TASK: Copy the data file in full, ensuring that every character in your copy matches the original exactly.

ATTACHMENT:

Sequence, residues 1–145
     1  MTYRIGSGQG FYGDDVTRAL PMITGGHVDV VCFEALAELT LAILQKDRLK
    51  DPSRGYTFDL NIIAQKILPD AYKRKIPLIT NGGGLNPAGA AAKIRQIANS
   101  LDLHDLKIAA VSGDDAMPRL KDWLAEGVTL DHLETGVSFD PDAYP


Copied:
Sequence, residues 1–145
     1  MTYRIGSGQG FYGDDVTRAL PMITGGHVDV VCFEALAELT LAILQKDRLK
    51  DPSRGYTFDL NIIAQKILPD AYKRKIPLIT NGGGLNPAGA AAKIRQIANS
   101  LDLHDLKIAA VSGDDAMPRL KDWLAEGVTL DHLETGVSFD PDAYP